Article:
Intel, the American multinational corporation that designs and manufactures advanced chips and other technological products, has recently announced its plans to build a cutting-edge chipmaking facility in Germany. The company has also announced a $15 billion expansion in operations in Israel. These plans are part of Intel’s capital investment spree, demonstrating that the company is not slowing down anytime soon.

The German plan comes after Israeli Prime Minister Benjamin Netanyahu announced a $15 billion expansion of operations, in addition to $10 billion already announced, but delayed due to the Covid-19 pandemic. The German and Israeli facilities will create high-tech hubs, boosting employment and downstream technology industries. This is in addition to the broader strategic goals of lowering dependence on Asian based chipmakers, such as TSMC.

The German Deal and Israeli Expansion

The German deal comes after Intel sought greater support from the German government and was successful in receiving nearly 10 billion euros worth of incentives and subsidies. Intel says the deal involves “increased government support that includes incentives, reflecting the expanded scope and change in economic conditions since the site was first announced.” The German fabs are set to be built in Magdeburg, Saxony-Anhalt, and will be equipped with leading-edge Angstrom era manufacturing capabilities. These facilities will create a first-of-its-kind, leading-edge end-to-end semiconductor manufacturing value chain in Europe, serving European customers and helping to fulfill the EU’s ambitions for a more resilient semiconductor supply chain.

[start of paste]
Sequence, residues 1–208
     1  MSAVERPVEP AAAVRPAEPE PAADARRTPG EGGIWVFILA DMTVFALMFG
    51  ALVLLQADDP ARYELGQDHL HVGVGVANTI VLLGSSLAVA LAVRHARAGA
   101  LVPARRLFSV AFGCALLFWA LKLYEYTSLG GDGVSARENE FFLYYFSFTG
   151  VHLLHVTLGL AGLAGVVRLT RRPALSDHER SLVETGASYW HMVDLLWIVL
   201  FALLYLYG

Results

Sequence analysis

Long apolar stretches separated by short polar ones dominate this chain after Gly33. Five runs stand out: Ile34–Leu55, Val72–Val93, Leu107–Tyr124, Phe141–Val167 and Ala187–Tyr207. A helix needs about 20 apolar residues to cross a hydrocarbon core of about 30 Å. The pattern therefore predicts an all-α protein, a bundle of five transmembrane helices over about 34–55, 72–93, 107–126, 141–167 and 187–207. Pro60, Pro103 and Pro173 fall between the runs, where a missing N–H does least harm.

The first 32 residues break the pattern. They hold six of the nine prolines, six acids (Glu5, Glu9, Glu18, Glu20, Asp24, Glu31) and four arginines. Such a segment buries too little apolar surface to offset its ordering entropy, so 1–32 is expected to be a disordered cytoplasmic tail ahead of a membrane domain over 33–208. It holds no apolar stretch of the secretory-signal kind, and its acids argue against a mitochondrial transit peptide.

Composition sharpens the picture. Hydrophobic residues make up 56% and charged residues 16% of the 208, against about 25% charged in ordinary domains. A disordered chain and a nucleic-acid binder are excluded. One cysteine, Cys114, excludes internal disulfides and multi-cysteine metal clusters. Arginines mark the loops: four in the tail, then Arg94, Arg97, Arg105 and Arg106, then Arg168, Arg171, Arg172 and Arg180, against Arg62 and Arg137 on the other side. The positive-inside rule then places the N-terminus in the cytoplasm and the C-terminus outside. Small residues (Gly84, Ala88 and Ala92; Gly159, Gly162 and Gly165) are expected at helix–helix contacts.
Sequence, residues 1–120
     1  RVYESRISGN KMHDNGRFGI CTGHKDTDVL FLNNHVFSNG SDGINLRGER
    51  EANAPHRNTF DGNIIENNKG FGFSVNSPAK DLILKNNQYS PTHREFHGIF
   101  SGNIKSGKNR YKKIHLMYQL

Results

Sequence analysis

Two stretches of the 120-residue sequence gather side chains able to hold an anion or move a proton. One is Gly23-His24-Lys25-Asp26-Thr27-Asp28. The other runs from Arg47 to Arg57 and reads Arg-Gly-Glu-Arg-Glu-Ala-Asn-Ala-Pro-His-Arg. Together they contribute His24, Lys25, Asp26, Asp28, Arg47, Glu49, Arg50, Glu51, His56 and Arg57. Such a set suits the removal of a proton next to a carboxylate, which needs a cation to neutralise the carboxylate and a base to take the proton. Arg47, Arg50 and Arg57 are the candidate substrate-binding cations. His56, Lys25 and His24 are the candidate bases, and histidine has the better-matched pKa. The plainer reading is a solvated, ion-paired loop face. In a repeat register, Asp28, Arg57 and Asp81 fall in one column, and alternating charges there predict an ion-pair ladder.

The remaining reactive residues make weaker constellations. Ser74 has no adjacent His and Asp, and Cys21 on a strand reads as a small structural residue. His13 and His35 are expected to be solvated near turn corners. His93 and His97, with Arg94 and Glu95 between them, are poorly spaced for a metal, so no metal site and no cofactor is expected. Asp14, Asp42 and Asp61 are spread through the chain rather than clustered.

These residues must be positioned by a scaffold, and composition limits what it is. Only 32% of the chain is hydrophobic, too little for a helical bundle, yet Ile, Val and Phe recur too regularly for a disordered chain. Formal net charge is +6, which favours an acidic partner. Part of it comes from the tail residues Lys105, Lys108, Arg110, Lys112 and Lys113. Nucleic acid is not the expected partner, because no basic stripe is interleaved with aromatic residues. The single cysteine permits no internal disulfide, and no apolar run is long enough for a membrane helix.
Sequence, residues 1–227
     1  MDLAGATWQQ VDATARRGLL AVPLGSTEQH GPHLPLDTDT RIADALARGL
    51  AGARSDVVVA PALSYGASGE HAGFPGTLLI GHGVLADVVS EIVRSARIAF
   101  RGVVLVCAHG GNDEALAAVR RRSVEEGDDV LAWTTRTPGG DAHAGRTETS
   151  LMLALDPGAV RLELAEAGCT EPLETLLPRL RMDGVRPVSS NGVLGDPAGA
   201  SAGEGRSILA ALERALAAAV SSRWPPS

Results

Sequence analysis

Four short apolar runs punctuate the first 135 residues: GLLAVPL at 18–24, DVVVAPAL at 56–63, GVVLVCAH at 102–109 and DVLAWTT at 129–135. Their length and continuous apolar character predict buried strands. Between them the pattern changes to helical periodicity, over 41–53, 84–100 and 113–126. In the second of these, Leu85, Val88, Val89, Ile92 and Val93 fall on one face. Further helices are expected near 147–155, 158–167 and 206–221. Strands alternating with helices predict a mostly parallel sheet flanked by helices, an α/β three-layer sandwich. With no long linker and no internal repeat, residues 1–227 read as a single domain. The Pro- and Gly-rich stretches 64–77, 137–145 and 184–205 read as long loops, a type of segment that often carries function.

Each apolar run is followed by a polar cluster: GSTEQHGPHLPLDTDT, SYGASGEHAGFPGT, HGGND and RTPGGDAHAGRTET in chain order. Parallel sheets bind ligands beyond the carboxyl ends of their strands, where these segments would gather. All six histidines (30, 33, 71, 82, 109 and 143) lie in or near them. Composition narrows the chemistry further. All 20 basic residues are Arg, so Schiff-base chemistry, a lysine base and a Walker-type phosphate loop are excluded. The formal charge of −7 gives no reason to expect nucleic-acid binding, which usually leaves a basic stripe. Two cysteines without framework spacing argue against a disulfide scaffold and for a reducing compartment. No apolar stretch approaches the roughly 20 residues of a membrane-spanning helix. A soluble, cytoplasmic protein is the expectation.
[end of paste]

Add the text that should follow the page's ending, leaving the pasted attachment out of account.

Details around the Israeli facility are a little more vague, as the deal is said to be agreed to “in principle”. It’s set to be built in Kiryat Gat, where Intel already has fabs. Intel has facilities in Haifa too, including one that was toured by Jacob Ridley in October 2022. The Israeli Ministry of Finance said Intel is expected to hire thousands of additional workers in Kiryat Gat and has agreed to increase the corporate tax rate it will pay to the state from 5% to 7.5%. It aims to begin operation by 2027.

Despite Intel’s struggles to meet its sales targets amid a downturn in the PC market and wider economic concerns, the company sees fab capacity as critical to its long-term future. Intel Foundry Services is a division of the company that seeks to build chips from other companies. As demand for high-performance computing products soars, driven by AI and big data, Intel aims to cash in on these booming markets. It is possible that we might see Nvidia GPUs made in Intel fabs, and that our next AMD Ryzen chip could be manufactured by Intel. With billions of dollars in contracts up for grabs, anything is possible.

Intel’s latest plans to build a cutting-edge chipmaking facility in Germany and expand operations in Israel demonstrate the company’s commitment to growth and innovation. These plans will boost employment and downstream technology industries while helping to fulfill the EU’s ambitions for a more resilient semiconductor supply chain. Despite the challenges that Intel faces, the company remains optimistic about its future and aims to cash in on the booming markets of high-performance computing products.


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